Every act of translation encodes something political, and, regardless of whether we like it or are even aware of it, all translators are political commentators. As such, to translate in today’s polarised political climate is delicate work, especially when translating the Indian epics.
On 8 July 2016, I was home for Eid. It was my fourth evening back in Srinagar. I was in the living room, flipping through a family album. The room smelled of musk, and the embroidered curtains fluttered in the breeze. My father entered the room looking bewildered and sad. In a quavering voice, he said, “Burhan is dead.”
During a speech at the India Today Conclave
in March this year, Sonia Gandhi said, “The BJP has managed to—I don’t say brainwash because that is a rude word, but it has managed to convince people, to persuade people that the Congress party is a Muslim party.” The speech was an attempt to defend the Congress’s need to project Rahul Gandhi’s new-found love
On 2 July, Rajat Sharma, the chairman and editor-in-chief of India TV, was elected the president of the Delhi & District Cricket Association
. Sharma swept the elections, defeating his closest competitor, the former cricketer Madan Lal by 517 votes, while his group of candidates won all 12 seats in the panel. The margin of the defeat was along the lines that Sharma’s group had reportedly predicted over the weekend before the results were announced—a fact that Lal referred to while claiming that “there is something wrong somewhere.” A day after the results were announced, Vinod Rai, the chairman of the committee of administrators—appointed by the Supreme Court to implement sweeping reforms in the administration of Indian cricket—said that the results may later be annulled
for having taken place without a constitution endorsed by the court.
In her recent book, She Goes to War, the senior journalist Rashmi Saksena tells the stories of 16 Indian women militants in the insurgencies in Kashmir, Chhattisgarh, Manipur, Nagaland and Assam. The women, Saksena notes in her introduction, have much in common—the role that the prevailing conflict in their native places played in shaping their lives, and a drive to “take ownership of their unorthodox decisions and carry them through without a thought for the consequences.”
Twice every year, the Chinta valley in Jammu echoes with the bleats of sheep and goats as caravans of the Bakerwals, a Muslim pastoral tribe, traverse through the region, often setting up camps for a couple of days. In the summer and winter months, the Bakerwals migrate to the upper Himalayas and then down to the plains, respectively, in search of fodder for their livestock. For two days in the last week of April, I travelled with a caravan of the Bakerwals, who left from the Bhaderwah town of Doda district on a dilapidated road, through the Chinta valley, where they were surrounded by rings of lofty mountains with a thick cover of tall deodar trees, streams and waterfalls, and towards the upper mountains.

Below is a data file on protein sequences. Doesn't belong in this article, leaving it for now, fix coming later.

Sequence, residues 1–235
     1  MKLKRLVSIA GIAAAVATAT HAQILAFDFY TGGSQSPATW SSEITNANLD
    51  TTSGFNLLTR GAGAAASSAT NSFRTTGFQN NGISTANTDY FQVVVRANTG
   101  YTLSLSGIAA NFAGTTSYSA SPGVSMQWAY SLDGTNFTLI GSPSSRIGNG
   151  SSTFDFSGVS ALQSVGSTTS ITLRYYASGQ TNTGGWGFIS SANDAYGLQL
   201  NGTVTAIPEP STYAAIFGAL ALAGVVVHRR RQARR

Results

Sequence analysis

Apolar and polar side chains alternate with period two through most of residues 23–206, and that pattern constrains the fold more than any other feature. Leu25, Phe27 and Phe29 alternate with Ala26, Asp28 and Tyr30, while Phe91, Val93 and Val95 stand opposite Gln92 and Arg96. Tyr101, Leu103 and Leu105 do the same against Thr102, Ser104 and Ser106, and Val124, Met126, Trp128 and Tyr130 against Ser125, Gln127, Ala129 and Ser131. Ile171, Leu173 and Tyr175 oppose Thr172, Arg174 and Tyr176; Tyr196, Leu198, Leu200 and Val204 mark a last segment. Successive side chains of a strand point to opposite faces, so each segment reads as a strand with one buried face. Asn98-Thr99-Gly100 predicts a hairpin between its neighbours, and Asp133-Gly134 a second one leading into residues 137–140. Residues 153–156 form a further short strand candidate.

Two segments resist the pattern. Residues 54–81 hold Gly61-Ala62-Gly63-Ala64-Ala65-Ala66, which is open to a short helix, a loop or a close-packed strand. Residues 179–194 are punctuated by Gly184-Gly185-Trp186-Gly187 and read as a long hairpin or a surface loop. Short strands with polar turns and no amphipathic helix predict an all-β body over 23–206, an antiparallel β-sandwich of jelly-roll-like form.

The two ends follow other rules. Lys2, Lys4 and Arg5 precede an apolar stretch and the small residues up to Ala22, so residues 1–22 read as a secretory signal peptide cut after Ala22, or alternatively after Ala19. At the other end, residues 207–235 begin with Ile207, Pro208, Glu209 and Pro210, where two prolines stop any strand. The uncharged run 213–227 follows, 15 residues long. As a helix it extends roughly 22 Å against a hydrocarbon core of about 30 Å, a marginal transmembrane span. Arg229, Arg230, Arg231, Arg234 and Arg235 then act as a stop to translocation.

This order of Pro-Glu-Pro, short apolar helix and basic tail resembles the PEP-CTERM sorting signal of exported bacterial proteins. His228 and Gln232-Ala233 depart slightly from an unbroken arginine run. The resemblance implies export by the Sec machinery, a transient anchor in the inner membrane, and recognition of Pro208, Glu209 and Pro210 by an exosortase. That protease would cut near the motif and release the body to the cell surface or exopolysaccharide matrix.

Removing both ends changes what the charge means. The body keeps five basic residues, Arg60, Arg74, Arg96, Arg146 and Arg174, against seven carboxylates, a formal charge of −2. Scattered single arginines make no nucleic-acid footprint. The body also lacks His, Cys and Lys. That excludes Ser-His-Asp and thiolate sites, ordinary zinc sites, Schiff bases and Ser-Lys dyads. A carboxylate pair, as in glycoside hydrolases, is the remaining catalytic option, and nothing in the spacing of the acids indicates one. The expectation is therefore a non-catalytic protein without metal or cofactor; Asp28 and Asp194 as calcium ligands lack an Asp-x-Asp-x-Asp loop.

This year, the Azim Premji University and Lokniti, a research programme of the Centre for the Study of Developing Societies, jointly published a report titled, “Politics and Society between Elections,” which seeks to understand the relationship between the citizen and the state after the completion of elections. The report is based on a series of surveys conducted among 16,680 respondents across eight states—Bihar, Jharkhand, Madhya Pradesh, Chhattisgarh, Andhra Pradesh, Telangana, Rajasthan and Maharashtra—between November and December 2017.
On the morning of 18 February 1983, over 3,000 Bengali Muslims in central Assam were brutally murdered over a period of just six hours. The massacre came to be known after Nellie, one of the 14 villages where the attacks took place. No action was taken against the perpetrators and no one was ever held responsible. The impunity has since been replicated in many anti-Muslim massacres in Assam—each time, the victims were branded illegal Bangladeshi immigrants, to justify the violence. The last such attack happened in May 2014, when 38 people, including 20 children—the youngest of whom was three months old—were shot dead in Khagrabari village on the periphery of Manas National Park.
On the evening of 14 June, the day before Eid, Shujaat Bukhari, the editor of the centrist newspaper Rising Kashmir, left his office in Srinagar’s Press Enclave locality to attend an iftar, the traditional evening meal that breaks the Ramdan fast. Within minutes, his colleagues, working to put the next day’s edition to bed, heard a burst of gunfire. When they looked down from their windows, Bukhari was lying dead
in his car.
In late May, Shiv Kumar Banerjee, the sub-divisional magistrate of Chhattisgarh’s Rajpur area, conducted an inspection of a school premises ahead of a public meeting organised by the state government. The meeting was part of the Chhattisgarh government’s Vikas Yatra—according to Chief Minister Raman Singh, a government programme to “provide the benefit of various schemes” across the state. Banerjee reportedly issued directions for the removal of
the BJP flags hoisted at the venue, noting that flags of political parties could not be displayed at a government programme, which prompted angry BJP workers to protest and demand disciplinary action against Banerjee. The protest only ended a few hours later, once the workers were allowed to hoist the flags.
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